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Cognitive processes are almost exclusively investigated under highly controlled settings during which voluntary body movements are suppressed. However, recent animal work suggests differences in sensory processing between movement states by showing drastically changed neural responses in early visual areas between locomotion and stillness. Does locomotion also modulate visual cortical activity in humans, and what are the perceptual consequences? Our study shows that walking increases the contrast-dependent influence of peripheral visual input on central visual input. This increase is prevalent in stimulus-locked electroencephalogram (EEG) responses (steady-state visual evoked potential [SSVEP]) alongside perceptual performance. Ongoing alpha oscillations (approximately 10 Hz) further positively correlated with the walking-induced changes of SSVEP amplitude, indicating the involvement of an altered inhibitory process during walking. The results predicted that walking leads to an increased processing of peripheral visual input. A second study indeed showed an increased contrast sensitivity for peripheral compared to central stimuli when subjects were walking. Our work shows complementary neurophysiological and behavioural evidence corroborating animal findings that walking leads to a change in early visual neuronal activity in humans. That neuronal modulation due to walking is indeed linked to specific perceptual changes extends the existing animal work.
This article was published in the following journal.
Name: PLoS biology
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An activity in which the body advances at a slow to moderate pace by moving the feet in a coordinated fashion. This includes recreational walking, walking for fitness, and competitive race-walking.
Temporary visual deficit or impaired visual processing occurring in a rapid serial visual presentation task. After a person identifies the first of two visual targets, the ability to detect the second target is impaired for the next few hundred milliseconds. This phenomenon is called attentional blink.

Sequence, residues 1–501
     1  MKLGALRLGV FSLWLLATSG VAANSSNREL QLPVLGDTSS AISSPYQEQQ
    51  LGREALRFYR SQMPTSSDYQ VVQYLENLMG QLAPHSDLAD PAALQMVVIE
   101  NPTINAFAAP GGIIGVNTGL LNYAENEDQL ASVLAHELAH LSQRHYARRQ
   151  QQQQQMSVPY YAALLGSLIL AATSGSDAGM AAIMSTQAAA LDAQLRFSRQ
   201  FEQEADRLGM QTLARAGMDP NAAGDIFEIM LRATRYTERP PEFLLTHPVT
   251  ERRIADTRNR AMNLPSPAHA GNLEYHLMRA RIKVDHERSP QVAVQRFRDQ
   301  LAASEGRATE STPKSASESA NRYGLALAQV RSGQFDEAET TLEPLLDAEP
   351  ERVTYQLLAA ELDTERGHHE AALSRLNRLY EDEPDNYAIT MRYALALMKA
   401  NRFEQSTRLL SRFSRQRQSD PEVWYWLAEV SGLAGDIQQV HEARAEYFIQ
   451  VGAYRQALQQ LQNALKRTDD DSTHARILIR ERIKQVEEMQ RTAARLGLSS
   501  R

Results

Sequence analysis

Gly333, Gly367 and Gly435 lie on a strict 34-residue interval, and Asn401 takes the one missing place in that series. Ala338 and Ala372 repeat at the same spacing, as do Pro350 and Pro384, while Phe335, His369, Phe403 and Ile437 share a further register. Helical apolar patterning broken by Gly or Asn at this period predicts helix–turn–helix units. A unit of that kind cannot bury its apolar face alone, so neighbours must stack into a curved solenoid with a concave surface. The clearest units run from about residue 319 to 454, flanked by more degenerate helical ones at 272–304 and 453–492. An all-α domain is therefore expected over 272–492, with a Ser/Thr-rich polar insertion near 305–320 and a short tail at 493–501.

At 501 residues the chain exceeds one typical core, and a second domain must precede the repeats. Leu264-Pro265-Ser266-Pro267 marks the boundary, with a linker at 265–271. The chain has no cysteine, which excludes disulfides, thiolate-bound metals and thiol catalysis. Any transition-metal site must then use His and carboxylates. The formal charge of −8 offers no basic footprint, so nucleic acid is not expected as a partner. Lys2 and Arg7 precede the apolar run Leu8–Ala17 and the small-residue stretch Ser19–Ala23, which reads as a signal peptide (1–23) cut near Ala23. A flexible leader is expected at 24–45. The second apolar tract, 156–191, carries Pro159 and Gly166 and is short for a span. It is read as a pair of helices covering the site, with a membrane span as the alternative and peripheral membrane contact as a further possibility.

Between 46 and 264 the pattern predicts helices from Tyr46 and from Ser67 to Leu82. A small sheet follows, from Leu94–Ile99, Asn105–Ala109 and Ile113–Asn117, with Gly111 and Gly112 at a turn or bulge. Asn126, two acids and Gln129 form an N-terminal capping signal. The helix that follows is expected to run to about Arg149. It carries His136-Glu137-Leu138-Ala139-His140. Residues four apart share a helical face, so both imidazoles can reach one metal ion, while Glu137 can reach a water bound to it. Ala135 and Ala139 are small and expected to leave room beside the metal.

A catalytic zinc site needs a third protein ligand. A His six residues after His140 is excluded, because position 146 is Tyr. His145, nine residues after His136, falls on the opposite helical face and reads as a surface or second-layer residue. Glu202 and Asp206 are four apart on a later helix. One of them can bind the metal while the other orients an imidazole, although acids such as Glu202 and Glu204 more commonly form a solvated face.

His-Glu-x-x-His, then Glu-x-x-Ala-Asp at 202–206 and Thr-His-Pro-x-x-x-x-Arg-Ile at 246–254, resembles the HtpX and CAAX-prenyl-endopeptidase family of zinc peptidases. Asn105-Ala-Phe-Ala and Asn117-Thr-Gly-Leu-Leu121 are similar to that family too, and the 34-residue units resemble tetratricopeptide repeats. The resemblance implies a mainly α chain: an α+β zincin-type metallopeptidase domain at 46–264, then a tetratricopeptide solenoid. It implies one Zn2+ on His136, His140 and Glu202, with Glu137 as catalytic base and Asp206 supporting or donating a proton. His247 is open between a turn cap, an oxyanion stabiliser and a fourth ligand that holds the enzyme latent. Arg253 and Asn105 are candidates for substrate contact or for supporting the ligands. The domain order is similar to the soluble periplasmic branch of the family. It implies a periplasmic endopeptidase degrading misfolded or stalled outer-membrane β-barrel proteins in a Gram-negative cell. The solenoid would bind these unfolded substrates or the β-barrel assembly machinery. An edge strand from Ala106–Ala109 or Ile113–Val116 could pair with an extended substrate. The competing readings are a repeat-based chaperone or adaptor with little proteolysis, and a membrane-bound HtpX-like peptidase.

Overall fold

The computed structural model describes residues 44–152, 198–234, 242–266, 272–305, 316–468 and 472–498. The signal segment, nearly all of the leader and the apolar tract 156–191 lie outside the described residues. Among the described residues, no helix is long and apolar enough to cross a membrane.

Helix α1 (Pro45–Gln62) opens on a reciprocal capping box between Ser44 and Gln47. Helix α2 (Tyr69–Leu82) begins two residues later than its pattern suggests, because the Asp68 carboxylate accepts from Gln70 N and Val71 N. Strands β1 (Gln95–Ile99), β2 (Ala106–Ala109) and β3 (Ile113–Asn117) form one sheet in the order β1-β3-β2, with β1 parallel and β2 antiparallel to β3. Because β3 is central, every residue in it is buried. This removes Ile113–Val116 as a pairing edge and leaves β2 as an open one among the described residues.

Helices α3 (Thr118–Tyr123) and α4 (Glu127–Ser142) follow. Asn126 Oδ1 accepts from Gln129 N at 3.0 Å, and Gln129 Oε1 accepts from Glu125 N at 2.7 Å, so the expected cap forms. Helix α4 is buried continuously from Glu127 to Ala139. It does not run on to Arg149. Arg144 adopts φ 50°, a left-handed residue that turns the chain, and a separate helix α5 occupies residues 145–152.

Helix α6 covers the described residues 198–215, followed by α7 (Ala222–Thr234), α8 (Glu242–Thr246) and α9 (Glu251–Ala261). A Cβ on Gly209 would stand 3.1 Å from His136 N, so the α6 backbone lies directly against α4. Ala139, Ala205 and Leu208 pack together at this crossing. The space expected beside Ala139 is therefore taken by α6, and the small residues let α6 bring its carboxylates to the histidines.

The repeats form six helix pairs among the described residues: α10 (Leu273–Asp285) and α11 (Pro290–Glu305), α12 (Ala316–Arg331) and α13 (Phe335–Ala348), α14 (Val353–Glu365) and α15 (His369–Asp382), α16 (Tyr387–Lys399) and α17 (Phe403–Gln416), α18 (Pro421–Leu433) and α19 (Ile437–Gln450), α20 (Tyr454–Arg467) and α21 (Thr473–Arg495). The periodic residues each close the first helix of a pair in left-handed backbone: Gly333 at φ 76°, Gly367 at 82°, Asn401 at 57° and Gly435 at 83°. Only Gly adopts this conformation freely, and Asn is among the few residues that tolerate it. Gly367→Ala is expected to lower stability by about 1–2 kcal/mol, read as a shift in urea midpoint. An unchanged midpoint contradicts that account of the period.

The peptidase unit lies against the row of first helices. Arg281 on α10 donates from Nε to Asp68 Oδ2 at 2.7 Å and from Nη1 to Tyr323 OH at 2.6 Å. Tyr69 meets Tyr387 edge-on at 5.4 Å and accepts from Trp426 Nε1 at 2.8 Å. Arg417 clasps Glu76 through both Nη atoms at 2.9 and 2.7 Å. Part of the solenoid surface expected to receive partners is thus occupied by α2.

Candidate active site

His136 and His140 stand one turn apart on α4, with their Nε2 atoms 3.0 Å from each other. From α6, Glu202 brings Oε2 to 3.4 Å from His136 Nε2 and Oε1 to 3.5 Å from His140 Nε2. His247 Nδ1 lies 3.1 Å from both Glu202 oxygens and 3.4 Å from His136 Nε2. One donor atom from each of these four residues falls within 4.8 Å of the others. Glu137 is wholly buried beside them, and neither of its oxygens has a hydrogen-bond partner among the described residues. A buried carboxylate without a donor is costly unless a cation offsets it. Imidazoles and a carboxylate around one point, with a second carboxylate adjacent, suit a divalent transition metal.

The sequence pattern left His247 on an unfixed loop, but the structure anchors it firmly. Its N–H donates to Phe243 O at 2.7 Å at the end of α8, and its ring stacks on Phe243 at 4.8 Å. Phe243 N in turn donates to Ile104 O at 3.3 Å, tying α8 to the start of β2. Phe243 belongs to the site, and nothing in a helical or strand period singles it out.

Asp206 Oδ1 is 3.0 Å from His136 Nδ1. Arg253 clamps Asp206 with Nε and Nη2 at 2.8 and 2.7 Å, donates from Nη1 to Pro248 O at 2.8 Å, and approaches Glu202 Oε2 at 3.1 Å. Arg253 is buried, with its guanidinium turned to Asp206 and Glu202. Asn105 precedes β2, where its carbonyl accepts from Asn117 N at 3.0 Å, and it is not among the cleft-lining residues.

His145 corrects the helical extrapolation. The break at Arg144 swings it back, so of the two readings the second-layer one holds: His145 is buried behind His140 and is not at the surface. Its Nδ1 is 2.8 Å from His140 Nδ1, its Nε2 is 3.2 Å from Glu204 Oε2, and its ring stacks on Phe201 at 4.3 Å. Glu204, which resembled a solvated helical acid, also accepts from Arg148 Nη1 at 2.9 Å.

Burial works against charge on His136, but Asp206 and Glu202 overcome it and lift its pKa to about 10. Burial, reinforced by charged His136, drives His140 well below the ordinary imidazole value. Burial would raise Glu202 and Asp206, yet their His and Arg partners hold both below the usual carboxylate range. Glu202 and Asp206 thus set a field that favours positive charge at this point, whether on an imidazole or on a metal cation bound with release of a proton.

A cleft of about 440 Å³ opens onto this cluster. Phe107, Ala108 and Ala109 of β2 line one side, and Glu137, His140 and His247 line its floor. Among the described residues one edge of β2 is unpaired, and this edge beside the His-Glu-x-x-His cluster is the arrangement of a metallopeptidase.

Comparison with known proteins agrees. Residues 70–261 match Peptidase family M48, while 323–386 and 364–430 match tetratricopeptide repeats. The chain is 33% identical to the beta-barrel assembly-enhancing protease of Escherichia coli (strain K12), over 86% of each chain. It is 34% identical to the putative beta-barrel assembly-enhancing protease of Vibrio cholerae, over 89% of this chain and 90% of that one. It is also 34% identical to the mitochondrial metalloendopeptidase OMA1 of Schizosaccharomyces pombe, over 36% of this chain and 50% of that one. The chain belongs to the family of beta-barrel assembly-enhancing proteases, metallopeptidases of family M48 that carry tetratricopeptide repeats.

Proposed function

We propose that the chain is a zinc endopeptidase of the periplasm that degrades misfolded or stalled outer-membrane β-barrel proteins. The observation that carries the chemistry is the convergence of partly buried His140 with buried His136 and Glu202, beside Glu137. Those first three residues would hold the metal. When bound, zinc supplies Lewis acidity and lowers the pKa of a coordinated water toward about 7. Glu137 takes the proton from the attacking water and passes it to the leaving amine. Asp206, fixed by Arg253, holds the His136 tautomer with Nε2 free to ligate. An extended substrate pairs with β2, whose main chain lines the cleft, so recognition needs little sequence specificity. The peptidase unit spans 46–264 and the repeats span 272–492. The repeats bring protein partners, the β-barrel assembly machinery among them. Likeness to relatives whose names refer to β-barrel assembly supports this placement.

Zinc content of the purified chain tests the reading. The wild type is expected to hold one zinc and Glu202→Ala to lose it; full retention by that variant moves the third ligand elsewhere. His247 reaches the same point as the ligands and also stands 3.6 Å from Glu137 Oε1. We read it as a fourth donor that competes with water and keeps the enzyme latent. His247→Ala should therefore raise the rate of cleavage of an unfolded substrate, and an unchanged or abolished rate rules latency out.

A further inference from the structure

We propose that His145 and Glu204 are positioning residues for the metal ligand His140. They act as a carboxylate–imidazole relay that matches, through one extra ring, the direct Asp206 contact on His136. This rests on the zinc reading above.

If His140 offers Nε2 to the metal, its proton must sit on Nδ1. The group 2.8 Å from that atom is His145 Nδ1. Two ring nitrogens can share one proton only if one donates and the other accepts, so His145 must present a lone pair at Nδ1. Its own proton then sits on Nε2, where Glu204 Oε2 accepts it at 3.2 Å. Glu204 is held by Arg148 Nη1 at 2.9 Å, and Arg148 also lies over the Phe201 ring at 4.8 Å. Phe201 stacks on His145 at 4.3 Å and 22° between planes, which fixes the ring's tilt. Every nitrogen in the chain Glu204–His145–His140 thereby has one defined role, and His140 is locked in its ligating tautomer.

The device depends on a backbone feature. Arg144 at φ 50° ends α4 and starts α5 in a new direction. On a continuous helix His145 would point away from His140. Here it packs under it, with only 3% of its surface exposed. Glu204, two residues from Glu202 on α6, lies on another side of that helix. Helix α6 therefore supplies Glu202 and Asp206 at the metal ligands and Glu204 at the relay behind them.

Visual impairments limiting one or more of the basic functions of the eye: visual acuity, dark adaptation, color vision, or peripheral vision. These may result from EYE DISEASES; OPTIC NERVE DISEASES; VISUAL PATHWAY diseases; OCCIPITAL LOBE diseases; OCULAR MOTILITY DISORDERS; and other conditions. Visual disability refers to inability of the individual to perform specific visual tasks, such as reading, writing, orientation, or traveling unaided. (From Newell, Ophthalmology: Principles and Concepts, 7th ed, p132)
The rate at which steps are made while walking.
A condition marked by raised intracranial pressure and characterized clinically by HEADACHES; NAUSEA; PAPILLEDEMA, peripheral constriction of the visual fields, transient visual obscurations, and pulsatile TINNITUS. OBESITY is frequently associated with this condition, which primarily affects women between 20 and 44 years of age. Chronic PAPILLEDEMA may lead to optic nerve injury (see OPTIC NERVE DISEASES) and visual loss (see BLINDNESS).
Complementary and Alternative Medicine
Alternative medicine are whole medical systems that did not fit with conventional medicine as they have completely different philosophies and ideas on the causes of disease, methods of diagnosis and approaches to treatment. Although often overlapping, co...